In the week marking 30 years since the Tiananmen Square massacre in China, House Speaker Nancy Pelosi urged the U.S. government to link human rights to current trade negotiations with the Chinese regime.
She further indicated that the Trump administration has raised concerns about human rights during bilateral talks with Beijing.
When asked by a Voice of America reporter on June 4 about whether she would like to see President Donald Trump include human rights and democracy issues into trade talks with the Chinese regime, Pelosi responded: “Yes. And he says that he has, so we’ll see.”
The two countries are currently locked in a trade war, which took a downward turn in early May after the U.S. administration accused the regime of backtracking on commitments negotiated over months of discussions, prompting the United States to raise tariffs on $200 billion of Chinese goods. The regime then imposed a retaliatory tariff hike on $60 billion of U.S. imports.
28 years ago, we traveled to Tiananmen Square to honor the courage & sacrifice of the students, workers & ordinary citizens who stood for the dignity & human rights that all people deserve. To this day, we remain committed to sharing their story with the world. #Tiananmen30 pic.twitter.com/7UqiJVRS3t
— Nancy Pelosi (@SpeakerPelosi) June 4, 2019
At a congressional hearing on June 4 commemorating the 30th anniversary of the Tiananmen Square massacre, Pelosi said that human rights and trade cannot be separated.
“If we don’t speak about human rights in China because of economic concerns, we lose all moral authority to talk about human rights in any other place in the world,” she said.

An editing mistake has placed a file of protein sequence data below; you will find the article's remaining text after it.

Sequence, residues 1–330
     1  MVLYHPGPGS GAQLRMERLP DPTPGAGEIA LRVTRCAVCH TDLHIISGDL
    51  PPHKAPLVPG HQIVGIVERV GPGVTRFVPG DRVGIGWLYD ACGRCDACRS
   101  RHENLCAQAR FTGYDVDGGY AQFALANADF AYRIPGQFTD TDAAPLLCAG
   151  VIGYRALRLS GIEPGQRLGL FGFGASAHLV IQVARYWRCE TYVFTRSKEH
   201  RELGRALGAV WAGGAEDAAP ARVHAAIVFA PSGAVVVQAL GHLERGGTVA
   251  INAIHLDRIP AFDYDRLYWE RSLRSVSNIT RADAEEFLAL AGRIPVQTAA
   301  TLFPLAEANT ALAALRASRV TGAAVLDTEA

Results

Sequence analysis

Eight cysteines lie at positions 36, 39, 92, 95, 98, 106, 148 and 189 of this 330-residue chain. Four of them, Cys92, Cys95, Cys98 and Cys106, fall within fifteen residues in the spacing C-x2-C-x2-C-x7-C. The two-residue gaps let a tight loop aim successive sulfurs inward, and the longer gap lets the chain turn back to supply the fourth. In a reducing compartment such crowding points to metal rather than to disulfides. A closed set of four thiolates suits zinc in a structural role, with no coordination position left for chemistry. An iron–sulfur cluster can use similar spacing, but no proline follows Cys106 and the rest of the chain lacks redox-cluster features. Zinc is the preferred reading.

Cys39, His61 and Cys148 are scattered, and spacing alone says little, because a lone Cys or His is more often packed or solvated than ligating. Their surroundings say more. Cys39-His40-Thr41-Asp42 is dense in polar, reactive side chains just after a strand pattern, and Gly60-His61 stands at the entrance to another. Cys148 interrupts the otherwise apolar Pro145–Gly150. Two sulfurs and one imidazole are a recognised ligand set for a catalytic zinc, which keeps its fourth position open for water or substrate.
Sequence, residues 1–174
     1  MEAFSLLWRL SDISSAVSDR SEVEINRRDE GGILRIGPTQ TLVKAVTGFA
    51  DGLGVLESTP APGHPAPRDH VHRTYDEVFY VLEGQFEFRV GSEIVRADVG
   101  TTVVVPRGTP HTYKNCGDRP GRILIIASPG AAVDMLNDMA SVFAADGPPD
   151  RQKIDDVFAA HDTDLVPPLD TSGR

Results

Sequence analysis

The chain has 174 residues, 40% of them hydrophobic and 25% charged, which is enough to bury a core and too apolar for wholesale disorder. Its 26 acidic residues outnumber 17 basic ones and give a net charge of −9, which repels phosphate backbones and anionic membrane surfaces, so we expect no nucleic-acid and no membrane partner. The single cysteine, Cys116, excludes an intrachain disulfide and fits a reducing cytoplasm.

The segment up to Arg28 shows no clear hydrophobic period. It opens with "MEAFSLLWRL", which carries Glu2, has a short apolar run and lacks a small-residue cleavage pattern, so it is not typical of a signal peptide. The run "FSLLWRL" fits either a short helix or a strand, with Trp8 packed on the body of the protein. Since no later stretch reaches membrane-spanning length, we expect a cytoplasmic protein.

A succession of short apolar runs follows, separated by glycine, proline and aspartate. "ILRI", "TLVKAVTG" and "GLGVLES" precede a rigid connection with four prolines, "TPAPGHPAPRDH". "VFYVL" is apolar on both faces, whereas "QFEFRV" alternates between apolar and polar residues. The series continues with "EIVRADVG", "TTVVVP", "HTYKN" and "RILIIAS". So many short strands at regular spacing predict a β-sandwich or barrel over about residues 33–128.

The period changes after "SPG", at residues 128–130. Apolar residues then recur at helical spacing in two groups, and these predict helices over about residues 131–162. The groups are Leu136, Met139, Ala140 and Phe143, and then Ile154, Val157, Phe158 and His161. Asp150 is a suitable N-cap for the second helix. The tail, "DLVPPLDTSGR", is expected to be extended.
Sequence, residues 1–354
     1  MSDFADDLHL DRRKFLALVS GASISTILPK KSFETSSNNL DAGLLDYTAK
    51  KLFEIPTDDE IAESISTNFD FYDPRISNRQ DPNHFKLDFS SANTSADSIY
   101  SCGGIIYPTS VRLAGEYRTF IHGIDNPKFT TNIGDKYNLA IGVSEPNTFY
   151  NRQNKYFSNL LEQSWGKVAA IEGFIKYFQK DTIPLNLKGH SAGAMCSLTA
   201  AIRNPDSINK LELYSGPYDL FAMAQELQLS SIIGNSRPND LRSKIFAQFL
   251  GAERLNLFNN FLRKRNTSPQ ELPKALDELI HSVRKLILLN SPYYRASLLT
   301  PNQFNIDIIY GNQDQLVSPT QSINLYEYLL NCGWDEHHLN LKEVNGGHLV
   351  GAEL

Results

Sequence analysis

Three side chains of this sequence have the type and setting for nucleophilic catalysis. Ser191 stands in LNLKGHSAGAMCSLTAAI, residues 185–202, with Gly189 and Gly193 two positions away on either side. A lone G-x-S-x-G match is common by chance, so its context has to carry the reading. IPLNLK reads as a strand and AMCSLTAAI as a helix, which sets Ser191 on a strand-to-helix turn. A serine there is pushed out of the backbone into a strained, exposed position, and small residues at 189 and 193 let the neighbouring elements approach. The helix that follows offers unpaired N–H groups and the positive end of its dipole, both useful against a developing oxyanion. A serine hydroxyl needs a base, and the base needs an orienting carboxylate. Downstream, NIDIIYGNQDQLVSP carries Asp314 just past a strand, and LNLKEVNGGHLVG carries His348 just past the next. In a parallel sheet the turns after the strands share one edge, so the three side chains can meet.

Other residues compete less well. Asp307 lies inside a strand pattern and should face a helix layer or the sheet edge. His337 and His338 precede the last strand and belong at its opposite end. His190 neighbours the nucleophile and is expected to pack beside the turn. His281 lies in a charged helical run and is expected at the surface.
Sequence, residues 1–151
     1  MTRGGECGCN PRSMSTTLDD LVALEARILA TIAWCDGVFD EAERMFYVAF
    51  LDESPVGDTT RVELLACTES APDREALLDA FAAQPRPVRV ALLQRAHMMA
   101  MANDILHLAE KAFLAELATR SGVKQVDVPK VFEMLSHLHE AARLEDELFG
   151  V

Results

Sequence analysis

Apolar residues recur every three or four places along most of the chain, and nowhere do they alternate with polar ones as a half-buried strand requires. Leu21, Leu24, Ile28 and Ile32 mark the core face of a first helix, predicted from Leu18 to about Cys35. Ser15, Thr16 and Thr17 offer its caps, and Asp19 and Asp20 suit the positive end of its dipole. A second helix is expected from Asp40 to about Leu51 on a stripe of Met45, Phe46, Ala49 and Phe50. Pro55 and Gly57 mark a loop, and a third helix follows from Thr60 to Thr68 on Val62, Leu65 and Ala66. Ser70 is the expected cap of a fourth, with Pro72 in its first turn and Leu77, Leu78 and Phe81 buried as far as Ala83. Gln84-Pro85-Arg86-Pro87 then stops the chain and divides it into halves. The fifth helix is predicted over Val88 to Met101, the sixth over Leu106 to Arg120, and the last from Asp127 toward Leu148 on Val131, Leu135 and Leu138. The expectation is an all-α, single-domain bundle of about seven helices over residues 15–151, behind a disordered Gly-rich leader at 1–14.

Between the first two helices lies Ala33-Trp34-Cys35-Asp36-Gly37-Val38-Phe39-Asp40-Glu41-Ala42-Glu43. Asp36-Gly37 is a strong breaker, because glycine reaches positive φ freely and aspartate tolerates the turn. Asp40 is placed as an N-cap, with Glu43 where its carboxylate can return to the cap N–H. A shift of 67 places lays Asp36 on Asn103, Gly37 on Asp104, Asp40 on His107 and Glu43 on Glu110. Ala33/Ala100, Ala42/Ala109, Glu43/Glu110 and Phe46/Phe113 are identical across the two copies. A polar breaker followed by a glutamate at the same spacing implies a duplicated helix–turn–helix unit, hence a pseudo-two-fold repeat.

“That’s why in 1993, we worked on the US-China Act to tie any extension to China’s trade status to improvement of human rights by the Chinese government. In 1994, we urged Congress to limit the Most Favorable Nation status on products made by the People’s Liberation Army, the perpetrator of the massacre on Tiananmen Square.”
The congresswoman, who had opposed the 2000 bill normalizing trade relations between the two countries—which eventually passed—said the United States’ backing of China’s ascension to the World Trade Organization (WTO) in 2001 was a mistake.
“The US-China bilateral WTO agreement is seriously deficient in substance, implementation, and enforcement. This issue is too important for our economy to be based on a pattern of broken promises and not proven performance.”
“We cannot allow economic interests in China to blind us to the moral injustices committed by China,” she added.
The Trump administration last year said the United States had mistakenly supported the regime’s membership into the WTO, on terms that failed to prompt Beijing to open up its economy.
“It seems clear that the United States erred in supporting China’s entry into the WTO on terms that have proven to be ineffective in securing China’s embrace of an open, market-orientated trade regime,” the U.S. Trade Representative said in a 2017 annual report to Congress on China’s compliance with WTO commitments released in January 2018.
“It is now clear that the WTO rules are not sufficient to constrain China’s market-distorting behavior,” the report said.